Every dog has its days.
And for a lucky Golden Retriever-Labrador mix named Shetland, the first full-time dog in medical school in the United States, it came on August 18th.
The always enthusiastic three and a half year old was recognized for his tireless hard work and his dedication to his many tasks at the Uniformed Services University of the Health Sciences (USU) and was promoted to Navy Commander. The university originally hired the facility dog as a lieutenant commander in the navy.
While he sat tightly in uniform in the University’s Sanford Auditorium, and occasionally lay down, speakers applauded Shetland for his work ethic and many contributions to the university.
Master of Ceremonies Col. (Dr.) Catherine Kimball-Eayrs, the commandant of the USU School of Medicine and one of Shetland’s demonstrators, said – for some – the promotion could come very quickly – provided he first became a commissioner officer just two years earlier.
“I’d like to point out that it was 14 years ago in dog years – so he’s actually a little behind the curve,” jokes Kimball-Eayrs.
Air Force Col. (Dr.) Pamela Williams, assistant dean for student affairs, said they never expected how successful the facility’s canine program would ultimately be.
“He has shown again and again what values a well-trained animal can bring to an institution like ours,” says Williams.
Williams adds that it was important to think about all that Shetland has accomplished as the university facility dog, whether it be two or fourteen dog years.
“Shetland has partnered with the Center for Neuroscience and Regenerative Medicine to release a series of educational videos on how dogs can support people with anxiety and PTSD,” says Williams. “It served (also) as a model for the instructional video for the military working dog test.”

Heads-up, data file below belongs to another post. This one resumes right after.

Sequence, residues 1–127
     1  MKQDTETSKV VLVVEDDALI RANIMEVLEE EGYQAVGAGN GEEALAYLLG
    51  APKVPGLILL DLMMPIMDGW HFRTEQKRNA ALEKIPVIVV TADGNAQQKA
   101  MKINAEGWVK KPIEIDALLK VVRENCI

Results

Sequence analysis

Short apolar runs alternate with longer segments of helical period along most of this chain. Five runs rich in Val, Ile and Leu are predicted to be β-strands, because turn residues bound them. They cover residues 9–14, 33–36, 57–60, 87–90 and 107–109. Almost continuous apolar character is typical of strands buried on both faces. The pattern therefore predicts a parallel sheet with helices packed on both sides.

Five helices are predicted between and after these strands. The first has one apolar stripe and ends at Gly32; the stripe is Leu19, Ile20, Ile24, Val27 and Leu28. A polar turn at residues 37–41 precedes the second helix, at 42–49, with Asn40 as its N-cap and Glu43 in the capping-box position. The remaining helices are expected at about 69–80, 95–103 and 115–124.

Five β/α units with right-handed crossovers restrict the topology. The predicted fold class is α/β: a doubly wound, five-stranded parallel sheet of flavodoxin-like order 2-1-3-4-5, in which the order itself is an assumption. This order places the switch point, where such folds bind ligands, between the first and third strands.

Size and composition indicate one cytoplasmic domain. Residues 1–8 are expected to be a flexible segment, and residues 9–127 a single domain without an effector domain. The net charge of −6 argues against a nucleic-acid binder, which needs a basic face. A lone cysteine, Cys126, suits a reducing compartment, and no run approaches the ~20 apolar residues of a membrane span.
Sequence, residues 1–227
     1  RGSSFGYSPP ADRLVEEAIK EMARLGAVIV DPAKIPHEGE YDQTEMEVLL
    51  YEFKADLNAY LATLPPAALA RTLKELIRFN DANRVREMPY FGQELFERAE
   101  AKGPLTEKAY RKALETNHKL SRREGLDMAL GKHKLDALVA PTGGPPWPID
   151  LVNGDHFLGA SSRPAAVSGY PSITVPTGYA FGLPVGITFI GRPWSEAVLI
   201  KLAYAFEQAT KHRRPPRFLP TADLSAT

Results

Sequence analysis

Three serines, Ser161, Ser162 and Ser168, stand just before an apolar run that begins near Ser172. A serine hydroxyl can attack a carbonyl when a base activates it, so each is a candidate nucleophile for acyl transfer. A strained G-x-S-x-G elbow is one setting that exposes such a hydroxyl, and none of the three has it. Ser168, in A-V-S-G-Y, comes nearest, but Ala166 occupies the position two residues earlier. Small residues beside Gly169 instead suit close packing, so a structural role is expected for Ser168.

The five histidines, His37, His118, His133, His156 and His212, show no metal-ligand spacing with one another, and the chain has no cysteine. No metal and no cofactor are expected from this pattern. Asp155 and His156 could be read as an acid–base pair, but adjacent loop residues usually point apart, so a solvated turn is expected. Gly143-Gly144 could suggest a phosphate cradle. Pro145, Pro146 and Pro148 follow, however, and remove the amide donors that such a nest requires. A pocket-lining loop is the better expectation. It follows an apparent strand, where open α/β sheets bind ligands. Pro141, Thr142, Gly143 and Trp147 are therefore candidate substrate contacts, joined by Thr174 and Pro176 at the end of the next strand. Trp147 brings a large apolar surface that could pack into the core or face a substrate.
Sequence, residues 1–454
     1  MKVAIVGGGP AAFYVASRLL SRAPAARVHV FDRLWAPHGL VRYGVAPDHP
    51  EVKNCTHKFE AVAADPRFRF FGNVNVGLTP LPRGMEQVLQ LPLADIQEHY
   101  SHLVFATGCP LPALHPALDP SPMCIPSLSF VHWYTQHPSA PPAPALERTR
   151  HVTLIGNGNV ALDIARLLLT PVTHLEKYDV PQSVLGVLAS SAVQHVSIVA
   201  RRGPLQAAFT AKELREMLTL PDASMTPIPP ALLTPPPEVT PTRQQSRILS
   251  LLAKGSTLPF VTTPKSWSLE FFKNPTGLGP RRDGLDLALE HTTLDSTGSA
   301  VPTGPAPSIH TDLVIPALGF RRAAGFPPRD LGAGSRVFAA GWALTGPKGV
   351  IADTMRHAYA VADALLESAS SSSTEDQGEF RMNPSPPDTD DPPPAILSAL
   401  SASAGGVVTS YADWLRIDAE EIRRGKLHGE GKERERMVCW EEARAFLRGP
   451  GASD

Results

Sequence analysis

Williams said Shetland found many opportunities to remotely support students, such as with Shetland, while taking distance learning due to COVID-19. ”
Brigade Commander Col. Patrick Donahue stood with Shetland in front of the assembled group of students, staff and visitors as he read the oath of office for the newly promoted facility dog.
“… I, (Shetland) appointed Commander of the United States Navy, solemnly swear that I will support and comfort everyone … that I accept this obligation voluntarily and without promises of post-promotion treats. I will faithfully perform the duties of love, care, and comfort to all. So help me, God, ”Donahue said, taking Shetland’s oath.
Shetland then returned a (forepaw) salute to his commanding officer to the applause of the audience.
Shetland became the school’s facility dog in 2019 to promote education about animal-assisted interventions and to provide comfort and support to USU students.
The deputy dean for the Well-Being program at USU and Shetland’s supervisor Dr. Kameha Bell says she helped start the dog program at the facility to educate and support the students.
“When we talk about Shetland and the role of the facility dog program, the purpose is twofold. The first is to help educate people about animal-assisted interventions as we train future caregivers,” says Bell.
Bell says Shetland is an opportunity at university to not only talk about the difference between a service dog, therapy dog, and personal care animal – but also to experience students firsthand.
“Having a first-hand understanding and knowledge of animal welfare policies will only benefit the students who hit the road,” Glocke says.
“The second benefit is that we also have this great animal to support the welfare of our community.”
To continue its public relations work, Bell and Shetland visited the Australian Embassy on August 24, where Shetland’s role was explained to the staff and the Australian Ambassador to the United States.
Shetland was presented with an embassy coin and a patch from the Australian Forces – which once again proves that he is the university’s top dog.
|Release Date:||09/14/2021 9:12 AM|
|Location:||BETHESDA, MD, USA|
This work, The Uniformed Services University’s Facility Dog doctorate is a howling success, from Ian Nelig, identified by Divids, must adhere to the restrictions specified on https://www.dvidshub.net/about/copyright.